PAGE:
'Emily in Paris' Is TV for the Dentist’s Office
That plucky gal makes miserable things a little easier
One of the greatest leaps forward we’ve made as a society in the last decade or so has been adding televisions to dentists’ offices. It’s a simple formula: one of the most miserable things in the world (dental work) plus one of life’s great joys (television) equals an experience that doesn’t entirely make you want to dissociate for however long it takes to get a filling. But what should you watch while someone puts their hands inside of your mouth and drills? The answer is Emily in Paris. And so I watched Emily and her girlies traipse around St. Tropez and party at an art dealer’s house while two people worked on my bicuspids. Thanks to modern medicine and the paper-thin plot of Emily in Paris, I felt nothing physically, mentally, or emotionally. A 10/10 experience.
When it first debuted last year, Emily in Paris, the story of a plucky American girl who moves to Paris and works in “marketing” while refusing to learn French, quickly became one of those Netflix shows that millions of people watched so that they could be in on the joke. My own colleague George Civeris went viral with this tweet:
What Emily lacks in brain cells, she makes up for in… well, almost nothing. But that’s the point. As Kyle Chayka wrote in The New Yorker, “The purpose of Emily in Paris is to provide sympathetic background for staring at your phone, refreshing your own feeds – on which you’ll find Emily in Paris memes, including a whole genre of TikTok remakes.”
That certainly is one way to watch it, but here is my recommendation to you: watch it while doing something awful. You can watch it while scrolling, but it’s not just background noise: the show’s main function in my life is to make horrible things more tolerable. Has your winter depression turned every surface in your bedroom into a new place to keep a dish and/or seltzer can? Turn on E in P while you slowly migrate all of those bowls to their rightful places. You can watch it while you are, for some reason, working on the days before Christmas; you can watch it as you try not to get COVID in an airport terminal. In any situation in which you would rather die, the bright colors and meaningless dialogue of Emily in Paris feels like water in the desert.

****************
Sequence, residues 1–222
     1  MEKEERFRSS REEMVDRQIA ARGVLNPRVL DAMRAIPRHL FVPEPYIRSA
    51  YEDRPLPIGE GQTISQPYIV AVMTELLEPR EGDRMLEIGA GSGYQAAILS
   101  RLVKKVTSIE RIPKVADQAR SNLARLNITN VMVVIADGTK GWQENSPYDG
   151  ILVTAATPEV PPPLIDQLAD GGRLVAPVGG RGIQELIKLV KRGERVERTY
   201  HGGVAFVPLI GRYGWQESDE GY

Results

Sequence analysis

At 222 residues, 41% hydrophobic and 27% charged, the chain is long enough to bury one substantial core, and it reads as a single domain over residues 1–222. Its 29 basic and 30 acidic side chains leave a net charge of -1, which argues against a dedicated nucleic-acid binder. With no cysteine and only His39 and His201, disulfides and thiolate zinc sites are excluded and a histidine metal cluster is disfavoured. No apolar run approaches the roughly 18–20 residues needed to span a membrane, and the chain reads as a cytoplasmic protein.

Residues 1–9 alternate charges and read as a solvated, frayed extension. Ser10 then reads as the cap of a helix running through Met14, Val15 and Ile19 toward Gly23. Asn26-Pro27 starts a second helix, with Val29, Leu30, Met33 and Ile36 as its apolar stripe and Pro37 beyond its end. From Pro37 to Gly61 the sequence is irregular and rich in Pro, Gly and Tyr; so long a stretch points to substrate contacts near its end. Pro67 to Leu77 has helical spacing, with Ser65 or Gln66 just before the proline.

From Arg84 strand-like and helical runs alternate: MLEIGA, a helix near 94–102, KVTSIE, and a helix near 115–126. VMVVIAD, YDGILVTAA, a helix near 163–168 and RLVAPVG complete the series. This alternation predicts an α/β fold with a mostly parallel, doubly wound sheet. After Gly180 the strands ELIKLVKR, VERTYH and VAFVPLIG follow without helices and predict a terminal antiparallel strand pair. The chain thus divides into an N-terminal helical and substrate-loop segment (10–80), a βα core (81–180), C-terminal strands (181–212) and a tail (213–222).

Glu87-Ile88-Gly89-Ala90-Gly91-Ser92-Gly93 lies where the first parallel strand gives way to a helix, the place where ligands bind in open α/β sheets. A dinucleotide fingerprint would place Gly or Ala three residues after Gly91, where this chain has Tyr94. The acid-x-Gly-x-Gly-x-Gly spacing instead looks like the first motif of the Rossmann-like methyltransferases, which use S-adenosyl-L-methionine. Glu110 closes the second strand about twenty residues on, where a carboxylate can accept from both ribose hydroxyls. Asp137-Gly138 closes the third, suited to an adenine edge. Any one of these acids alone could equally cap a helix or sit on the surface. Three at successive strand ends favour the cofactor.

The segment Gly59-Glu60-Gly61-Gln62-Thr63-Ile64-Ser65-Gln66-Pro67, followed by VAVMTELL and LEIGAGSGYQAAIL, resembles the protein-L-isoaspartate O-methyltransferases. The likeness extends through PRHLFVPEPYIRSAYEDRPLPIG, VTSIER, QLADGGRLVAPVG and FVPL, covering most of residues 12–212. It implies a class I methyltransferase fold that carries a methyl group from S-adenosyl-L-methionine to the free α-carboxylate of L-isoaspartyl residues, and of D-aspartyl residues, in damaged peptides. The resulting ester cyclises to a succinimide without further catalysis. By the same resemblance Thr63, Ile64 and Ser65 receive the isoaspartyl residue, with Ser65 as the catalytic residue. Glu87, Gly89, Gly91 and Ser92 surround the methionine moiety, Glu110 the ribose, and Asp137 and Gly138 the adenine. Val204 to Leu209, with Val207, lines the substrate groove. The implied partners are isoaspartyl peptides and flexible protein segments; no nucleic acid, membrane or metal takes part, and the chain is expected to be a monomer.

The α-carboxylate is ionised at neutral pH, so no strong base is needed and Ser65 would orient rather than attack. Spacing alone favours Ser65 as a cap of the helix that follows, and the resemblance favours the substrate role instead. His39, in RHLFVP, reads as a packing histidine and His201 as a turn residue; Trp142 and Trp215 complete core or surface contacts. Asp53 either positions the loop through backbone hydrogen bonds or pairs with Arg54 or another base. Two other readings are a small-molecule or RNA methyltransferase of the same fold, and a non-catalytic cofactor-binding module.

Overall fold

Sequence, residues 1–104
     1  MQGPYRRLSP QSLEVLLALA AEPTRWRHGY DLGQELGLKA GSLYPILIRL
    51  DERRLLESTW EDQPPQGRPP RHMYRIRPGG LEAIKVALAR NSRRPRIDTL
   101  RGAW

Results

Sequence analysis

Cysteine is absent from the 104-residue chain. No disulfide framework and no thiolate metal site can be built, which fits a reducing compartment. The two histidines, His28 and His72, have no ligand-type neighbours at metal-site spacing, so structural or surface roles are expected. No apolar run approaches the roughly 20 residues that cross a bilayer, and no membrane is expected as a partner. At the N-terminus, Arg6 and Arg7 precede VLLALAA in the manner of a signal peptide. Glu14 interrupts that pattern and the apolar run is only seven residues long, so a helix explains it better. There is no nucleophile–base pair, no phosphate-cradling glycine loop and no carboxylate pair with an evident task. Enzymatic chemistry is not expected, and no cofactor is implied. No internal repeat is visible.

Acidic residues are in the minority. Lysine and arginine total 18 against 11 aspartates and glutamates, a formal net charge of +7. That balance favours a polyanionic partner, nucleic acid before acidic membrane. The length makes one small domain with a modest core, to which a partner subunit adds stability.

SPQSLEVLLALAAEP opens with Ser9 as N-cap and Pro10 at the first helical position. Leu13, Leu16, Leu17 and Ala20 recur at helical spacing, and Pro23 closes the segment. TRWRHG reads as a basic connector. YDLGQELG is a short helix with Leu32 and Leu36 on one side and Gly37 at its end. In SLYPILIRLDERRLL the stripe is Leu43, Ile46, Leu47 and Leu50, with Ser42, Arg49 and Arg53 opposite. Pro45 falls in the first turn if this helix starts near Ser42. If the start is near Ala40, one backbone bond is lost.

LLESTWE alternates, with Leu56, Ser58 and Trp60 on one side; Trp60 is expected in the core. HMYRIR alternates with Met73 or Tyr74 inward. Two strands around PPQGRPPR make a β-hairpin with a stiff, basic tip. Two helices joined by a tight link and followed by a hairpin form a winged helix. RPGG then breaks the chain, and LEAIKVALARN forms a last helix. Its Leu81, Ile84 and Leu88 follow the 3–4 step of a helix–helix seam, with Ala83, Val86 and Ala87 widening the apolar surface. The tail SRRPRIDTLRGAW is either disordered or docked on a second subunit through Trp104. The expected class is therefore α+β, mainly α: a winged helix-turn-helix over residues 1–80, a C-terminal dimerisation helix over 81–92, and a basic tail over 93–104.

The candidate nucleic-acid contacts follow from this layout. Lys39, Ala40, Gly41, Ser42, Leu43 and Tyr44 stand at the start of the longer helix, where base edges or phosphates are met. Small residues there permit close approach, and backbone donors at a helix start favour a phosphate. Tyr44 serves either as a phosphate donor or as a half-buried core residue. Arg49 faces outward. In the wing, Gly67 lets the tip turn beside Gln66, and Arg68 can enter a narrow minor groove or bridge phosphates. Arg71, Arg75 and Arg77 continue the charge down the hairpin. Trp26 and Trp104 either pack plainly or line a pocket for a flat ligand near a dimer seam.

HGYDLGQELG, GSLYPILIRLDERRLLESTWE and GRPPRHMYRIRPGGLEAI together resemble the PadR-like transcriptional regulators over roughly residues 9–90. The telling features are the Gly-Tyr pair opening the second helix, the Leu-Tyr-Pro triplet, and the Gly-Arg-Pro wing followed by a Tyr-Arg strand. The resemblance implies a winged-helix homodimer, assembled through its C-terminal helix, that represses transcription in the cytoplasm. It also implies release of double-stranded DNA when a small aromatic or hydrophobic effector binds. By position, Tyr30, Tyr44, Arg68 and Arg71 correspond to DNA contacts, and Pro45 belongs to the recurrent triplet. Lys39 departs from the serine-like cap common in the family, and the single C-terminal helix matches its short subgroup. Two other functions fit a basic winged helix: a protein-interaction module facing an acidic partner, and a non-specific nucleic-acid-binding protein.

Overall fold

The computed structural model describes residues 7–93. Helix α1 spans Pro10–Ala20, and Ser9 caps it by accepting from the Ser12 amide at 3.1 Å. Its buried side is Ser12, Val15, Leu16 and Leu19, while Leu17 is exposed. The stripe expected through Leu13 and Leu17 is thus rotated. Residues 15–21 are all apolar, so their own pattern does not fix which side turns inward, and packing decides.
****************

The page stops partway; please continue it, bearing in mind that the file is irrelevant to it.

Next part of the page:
Every episode follows the same basic formula (Emily gets herself into a mess, she finds her way out of said mess, a man falls in love with her along the way), which means that you never have to pay that much attention to it. Season two finds our heroine trying to avoid her hot chef neighbor Gabriel after finally having sex with him at the end of last season. Why is she avoiding him? Well, she’s become besties with his now-ex girlfriend Camille, whose family’s champagne business is one of Emily’s clients and who wants to get over her breakup by constantly hanging out with Emily.
Unfortunately for our gal, she is in love with Gabriel, who is so in love with her that he stayed in Paris to open a restaurant instead of moving back to his homeland of Normandy. This is the kind of sticky situation that in the real world requires a therapist and an uncomfortable conversation, but in the Emily in Paris world (which is not the same as ours) it forces Emily into an awkward girls trip where she runs into Jeremy O. Harris, playing the nemesis of one of her other clients.
If that all sounds stupid, that means it’s working. It’s a show designed for you to regain consciousness every 15 minutes and say aloud, “Wonder how she's gonna get out of this pickle?” While watching it at the dentist’s this morning, I couldn’t even hear most of the dialogue while the drill was going. However, I still found myself thinking, “Now why would Emily invite Gabriel to her birthday dinner if she knows Camille is going to be there?”
Those are the biggest kinds of problems in Emily’s life. There are never any real stakes (even when she got fired from her Parisian marketing firm in season one, she was rehired about seven minutes later), and never on the show do I feel bad for anyone. Emily in Paris has the same effect on the adult human brain as I imagine videos of birds have on cats: it is just enough stimulation to keep you distracted while your owner (the part of your brain with responsibilities) needs to do something else. I intend to watch the rest of season two while folding laundry and packing, because even if I miss a “crucial” plot detail, I know that in the next scene they will describe it again as if I am a child, and for that I am grateful.